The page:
Braising relies on long cooking times at low temperatures. If you happen to get distracted for a half hour, it’s not going to ruin your roast. When you cook steak you typically don’t want the internal temperature of the meat to go above 145 degrees, or the finished product will be tough and dry. With braising, though, the internal temperature of the meat should reach 210 degrees for over an hour. By doing so, the meat will become tender and moist.

How does this work, and why don’t the high temperatures make the meat tough during braising? There are two reasons for this, moisture and collagen: When you grill or roast you rely on dry heat to cook the meat, but when you braise you rely on moisture to cook the meat, which also keeps it from drying out. Collagen is a little more complex. Collagen is the chewy connective tissue gives muscles elasticity. Tender cuts of meat such as tenderloin and ribeye have very little collagen, in part because these muscle groups do very little work for the animal, so they don’t need to have the extra connective tissue for strength. The chuck, however, which comes from the shoulder, obviously, gets plenty of exercise and needs collagen to keep the muscles working together. One plus of all that exercise, is that it actually increases the amount of flavor in the meat. Chuck has a much richer and more complex, “beefy” flavor than tenderloin, but we need to deal with the collagen to make it more palatable.

The long simmer that happens in braising helps to transform the collagen. When the meat temperature reaches 210 degrees the collagen begins to turn into gelatin. It takes about an hour at this temperature in a typical roast for the collagen to complete the transformation. That’s why good recipes will suggest a 3-4 hour cooking time, because it takes time for the roast to slowly get up to the proper temperature, and time to hold it there. When the collagen turns into gelatin, it makes the roast taste moist and succulent. It also gives your sauce a wonderful silky texture. Follow the following braising basics:

  1. Salt the meat a day ahead of time. This is optional, yet, it helps improve the flavor and tenderness of the meat. The salt will dissolve and will be pulled into the meat, so the flavor is throughout the meat, and not just on the surface. The salt also helps activate enzymes that tenderize meat. If you don’t have time to do this step, you can salt the meat right before browning.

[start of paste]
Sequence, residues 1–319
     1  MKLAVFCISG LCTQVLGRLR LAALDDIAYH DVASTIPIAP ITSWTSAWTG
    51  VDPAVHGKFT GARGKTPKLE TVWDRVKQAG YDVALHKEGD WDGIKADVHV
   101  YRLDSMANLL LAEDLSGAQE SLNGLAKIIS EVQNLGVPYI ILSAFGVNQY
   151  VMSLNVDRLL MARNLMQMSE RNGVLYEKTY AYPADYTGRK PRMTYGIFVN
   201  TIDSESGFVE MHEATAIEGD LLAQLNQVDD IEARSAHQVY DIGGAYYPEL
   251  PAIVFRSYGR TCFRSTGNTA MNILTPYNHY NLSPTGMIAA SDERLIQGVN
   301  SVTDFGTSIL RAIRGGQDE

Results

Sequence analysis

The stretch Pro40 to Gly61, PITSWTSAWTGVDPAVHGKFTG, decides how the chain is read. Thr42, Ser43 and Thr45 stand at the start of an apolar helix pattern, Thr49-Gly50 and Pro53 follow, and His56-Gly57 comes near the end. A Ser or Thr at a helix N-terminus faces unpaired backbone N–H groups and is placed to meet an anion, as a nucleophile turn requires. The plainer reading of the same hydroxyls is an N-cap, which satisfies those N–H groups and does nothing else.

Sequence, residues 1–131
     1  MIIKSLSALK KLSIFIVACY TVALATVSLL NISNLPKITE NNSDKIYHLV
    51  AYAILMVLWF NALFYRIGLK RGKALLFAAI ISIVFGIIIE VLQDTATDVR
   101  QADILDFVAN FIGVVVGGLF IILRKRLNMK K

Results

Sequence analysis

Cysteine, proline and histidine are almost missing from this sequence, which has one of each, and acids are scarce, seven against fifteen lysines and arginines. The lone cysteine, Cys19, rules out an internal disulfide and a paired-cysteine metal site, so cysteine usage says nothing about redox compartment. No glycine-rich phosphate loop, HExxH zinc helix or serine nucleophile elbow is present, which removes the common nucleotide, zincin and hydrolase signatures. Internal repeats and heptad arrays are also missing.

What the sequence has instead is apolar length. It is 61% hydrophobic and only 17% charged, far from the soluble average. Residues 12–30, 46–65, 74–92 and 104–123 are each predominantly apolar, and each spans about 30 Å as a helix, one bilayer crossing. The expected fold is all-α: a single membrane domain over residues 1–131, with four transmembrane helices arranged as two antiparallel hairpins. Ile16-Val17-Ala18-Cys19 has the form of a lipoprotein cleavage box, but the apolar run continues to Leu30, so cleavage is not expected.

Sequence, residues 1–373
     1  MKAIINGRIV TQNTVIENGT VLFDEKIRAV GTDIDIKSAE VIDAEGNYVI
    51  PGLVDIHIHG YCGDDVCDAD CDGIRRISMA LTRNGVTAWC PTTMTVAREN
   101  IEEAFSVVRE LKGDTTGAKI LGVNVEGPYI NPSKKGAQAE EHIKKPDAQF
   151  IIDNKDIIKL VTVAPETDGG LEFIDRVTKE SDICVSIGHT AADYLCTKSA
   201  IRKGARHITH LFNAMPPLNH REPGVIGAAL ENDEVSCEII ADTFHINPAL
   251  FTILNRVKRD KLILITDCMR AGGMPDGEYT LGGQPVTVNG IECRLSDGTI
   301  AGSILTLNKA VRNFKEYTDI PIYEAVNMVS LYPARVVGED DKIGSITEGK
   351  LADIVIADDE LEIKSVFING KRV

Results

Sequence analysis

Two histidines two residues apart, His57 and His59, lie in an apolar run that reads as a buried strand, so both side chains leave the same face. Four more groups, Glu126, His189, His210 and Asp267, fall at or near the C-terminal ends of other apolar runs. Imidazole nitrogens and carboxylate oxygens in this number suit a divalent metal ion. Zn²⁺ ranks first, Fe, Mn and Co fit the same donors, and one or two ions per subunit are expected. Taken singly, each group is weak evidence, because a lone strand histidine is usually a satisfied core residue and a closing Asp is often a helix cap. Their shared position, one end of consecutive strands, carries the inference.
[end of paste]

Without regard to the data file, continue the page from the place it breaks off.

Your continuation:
2. Choose a thick bottomed pot to cook the roast. Dutch ovens work well for this, especially enamel glazed versions. However, heavy bottomed stainless steel works well too. Make sure it isn’t too big for the roast. If it’s too big the steam won’t work properly to cook and keep the roast moist.

  3. Brown the meat which adds tremendous flavor to the dish. Dry the meat surface with a paper towel, as moisture on the surface of the meat prevents browning. Salt, if you have not done so already, and pepper the surface of the meat. Use just a small amount of oil, a tablespoon or two is all that is needed. Browning takes 3-5 minutes per side. Use medium high heat, not too hot, though, or the meat will burn. Don’t walk away. You don’t want the meat to burn. Aim for a nice deep brown on all sides of the meat.

  4. Deglaze your pan, or pot, after browning the meat and vegetables. You can use a good wine, stock or water to do this. Add the liquid to the pan and scrape the brown bits off the bottom. Add this liquid with the brown bits to your sauce. It will be a real flavor booster. If there are burned bits of fond on the bottom of the pan, use a wet paper towel to wipe them out of the pan, being careful to leave the browned bits, which add flavor. If you deglaze with wine or other alcohol let it cook for about 8-10 minutes. This will let the alcohol burn off and condense the remaining flavors. Cabernet Sauvignon or Shiraz works well. Use a good quality wine; it does make a difference.

  5. Remember to use the flavoring herbs and vegetables, or aromatics, in whatever recipe you use. These will combine during cooking to create delicious complex flavors.

  6. Your braising liquid should come up to about 1/3 the level of the roast. If you need to leave the roast to cook for more than several hours, add more liquid. Too much liquid, though, will make the sauce too thin and bland.

  7. You want the stock to come to a simmer and stay there during the remaining cooking time. So, check it, and turn the temperature up or down to ensure this happens.

  8. Turn the roast every 45 minutes or so, to keep the surface of the meat from drying out.

  9. Before serving, degrease the sauce by using a wide, flat spoon to scoop out the grease. You don’t have to get every last bit. Leaving some of the fat will add a little richness and flavor to the sauce.